Hit Potential Peg Schible

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The Potential for Health Information Technology to influence the outcome of health care reform.

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Hit Potential Peg Schible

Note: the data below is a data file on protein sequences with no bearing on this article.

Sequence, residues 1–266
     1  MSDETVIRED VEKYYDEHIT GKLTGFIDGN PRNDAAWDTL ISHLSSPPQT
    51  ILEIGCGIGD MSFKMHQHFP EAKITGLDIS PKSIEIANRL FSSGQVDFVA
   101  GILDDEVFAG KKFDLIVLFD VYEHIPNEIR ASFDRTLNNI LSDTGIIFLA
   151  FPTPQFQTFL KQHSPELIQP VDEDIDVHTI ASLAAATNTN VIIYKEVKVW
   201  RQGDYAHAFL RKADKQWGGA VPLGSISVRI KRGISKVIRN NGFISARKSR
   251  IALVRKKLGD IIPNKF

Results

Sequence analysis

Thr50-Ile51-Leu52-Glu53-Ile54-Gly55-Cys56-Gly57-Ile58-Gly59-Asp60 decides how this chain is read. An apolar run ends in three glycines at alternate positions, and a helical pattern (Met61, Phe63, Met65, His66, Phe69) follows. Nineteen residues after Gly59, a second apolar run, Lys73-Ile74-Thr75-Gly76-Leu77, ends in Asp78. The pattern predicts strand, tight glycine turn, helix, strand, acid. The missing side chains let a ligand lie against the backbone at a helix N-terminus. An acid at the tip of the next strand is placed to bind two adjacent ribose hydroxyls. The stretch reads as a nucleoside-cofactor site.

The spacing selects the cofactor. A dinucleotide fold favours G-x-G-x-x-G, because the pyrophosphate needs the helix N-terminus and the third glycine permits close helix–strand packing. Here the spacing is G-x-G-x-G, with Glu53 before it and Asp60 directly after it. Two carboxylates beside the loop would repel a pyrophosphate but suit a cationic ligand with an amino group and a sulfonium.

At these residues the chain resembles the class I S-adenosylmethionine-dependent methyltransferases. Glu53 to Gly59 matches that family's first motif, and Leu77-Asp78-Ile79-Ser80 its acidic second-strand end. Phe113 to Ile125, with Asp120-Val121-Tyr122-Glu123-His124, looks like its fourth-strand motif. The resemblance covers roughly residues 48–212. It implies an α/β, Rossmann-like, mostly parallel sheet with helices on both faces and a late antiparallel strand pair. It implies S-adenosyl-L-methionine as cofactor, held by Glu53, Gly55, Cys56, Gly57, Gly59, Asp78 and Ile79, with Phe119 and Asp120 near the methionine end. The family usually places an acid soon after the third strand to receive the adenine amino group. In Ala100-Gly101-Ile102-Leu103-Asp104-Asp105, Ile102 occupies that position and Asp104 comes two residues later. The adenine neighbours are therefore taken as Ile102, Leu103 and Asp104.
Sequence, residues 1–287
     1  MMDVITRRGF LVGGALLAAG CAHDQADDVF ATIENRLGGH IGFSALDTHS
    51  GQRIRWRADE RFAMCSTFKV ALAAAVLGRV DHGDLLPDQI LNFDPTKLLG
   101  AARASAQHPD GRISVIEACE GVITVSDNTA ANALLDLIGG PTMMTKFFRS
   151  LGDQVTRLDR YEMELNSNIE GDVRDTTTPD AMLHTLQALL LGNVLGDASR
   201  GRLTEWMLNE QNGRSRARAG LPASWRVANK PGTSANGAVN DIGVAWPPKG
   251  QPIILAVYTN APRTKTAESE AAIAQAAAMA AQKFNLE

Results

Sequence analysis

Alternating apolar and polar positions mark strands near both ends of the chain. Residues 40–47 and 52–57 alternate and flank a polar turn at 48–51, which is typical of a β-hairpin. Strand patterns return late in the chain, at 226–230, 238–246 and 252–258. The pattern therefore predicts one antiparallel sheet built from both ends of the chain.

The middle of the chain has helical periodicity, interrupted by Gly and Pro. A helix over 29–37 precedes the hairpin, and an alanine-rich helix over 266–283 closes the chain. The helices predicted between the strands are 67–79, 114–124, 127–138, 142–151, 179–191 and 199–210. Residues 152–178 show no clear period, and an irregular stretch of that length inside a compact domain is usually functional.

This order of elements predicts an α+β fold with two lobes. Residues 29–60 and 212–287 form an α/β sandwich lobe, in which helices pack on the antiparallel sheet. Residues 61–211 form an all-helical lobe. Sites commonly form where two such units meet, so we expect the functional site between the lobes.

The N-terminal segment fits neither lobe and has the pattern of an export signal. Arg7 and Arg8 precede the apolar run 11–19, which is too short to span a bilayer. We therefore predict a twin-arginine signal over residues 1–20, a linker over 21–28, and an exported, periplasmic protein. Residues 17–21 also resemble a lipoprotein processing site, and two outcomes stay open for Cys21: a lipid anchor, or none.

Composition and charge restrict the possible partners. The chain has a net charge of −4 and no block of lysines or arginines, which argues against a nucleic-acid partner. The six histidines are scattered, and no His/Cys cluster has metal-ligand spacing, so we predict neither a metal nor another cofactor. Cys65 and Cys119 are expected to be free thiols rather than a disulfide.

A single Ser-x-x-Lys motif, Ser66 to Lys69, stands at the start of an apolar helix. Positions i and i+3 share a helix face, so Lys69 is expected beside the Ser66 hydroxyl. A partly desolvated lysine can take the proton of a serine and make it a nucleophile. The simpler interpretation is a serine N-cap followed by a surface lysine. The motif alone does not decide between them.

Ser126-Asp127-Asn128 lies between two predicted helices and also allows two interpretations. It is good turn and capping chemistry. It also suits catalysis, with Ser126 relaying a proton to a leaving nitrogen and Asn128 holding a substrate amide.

1. 1. The potential for HIT to influence the outcome of health reform By Peg Scheible July 15, 2010 Dream with me... You enter into the physician’s office confident in the care and your ability to afford it. Your practitioner is confident, as well. Unlike the first days of his practice; today, he has immediate access to your personal health information, clinical support and laboratory data. While he must inform you of a serious illness, he was able to review current lab reports along with medical documentation on treatment options, find a possible medication, and then compare it to your DNA to see if you’re able to respond positively to it. You then leave the physician and drive to the pharmacy to have the prescription waiting for you. It isn’t all fantasy because most of the above is very possible. It is a dramatic transformation from where health care is currently and the pivotal difference is the widespread use of health information technology. Using the Donobedian model with cost, access and quality as the key aspects to healthcare, we can look at the present conditions. Cost: The current estimates are approximately 17% of the US GDP is spent on health care amounting to $2.5 trillion dollars. Access: The system is not working because the US has 47 million people uninsured and 20 million under-insured. Quality: Possibly most unfortunately is the US spending does not translate to exceptional healthcare outcomes. When compared to other countries, the US spending is one third higher for comparable outcomes. What this means is the US has too many people without the ability to afford care or get the proper care at the proper time to have health maintained. These three factors open the window of opportunity to find a way to reduce costs while maintaining the same level of outcome. What in our current system could be changed to make a difference? The healthcare reform bill, American Reinvestment and Recovery Act (ARRA), signed into law in early 2009 is complex and can not really be explained in a single paragraph. However, for our purpose, we can look at the broad topics covered by the bill to see the connection to the three legs of healthcare. Title I (cost and access): Addresses private insurability by making it possible for almost everyone to have insurance coverage. By removing barriers such as life time limits and pre-existing conditions to insurability, guarantees availability and renewability of coverage. This title outlines a Health Insurance Exchange to be created. Title II (cost and access): Addresses the public health insurance by expanding coverage provided by various programs such as Medicaid while simplifying qualification/enrollment processes via the Health Insurance Exchange. Title III (cost and quality): Addresses the delivery of healthcare via linking payment to quality outcomes for Medicare. Quality reporting for physicians and various facilities, encouraging different models for patient care, and many methods of payment for services are also addressed. Title IV (cost and quality): Addresses chronic health problems and prevention in an effort to encourage a healthier population. Incentives are laid out to prevent chronic disease and health and wellness is encouraged in communities. The US government is the largest payer of health care costs through the Medicare and Medicaid programs, and all Americans assist in the financial backing of these programs via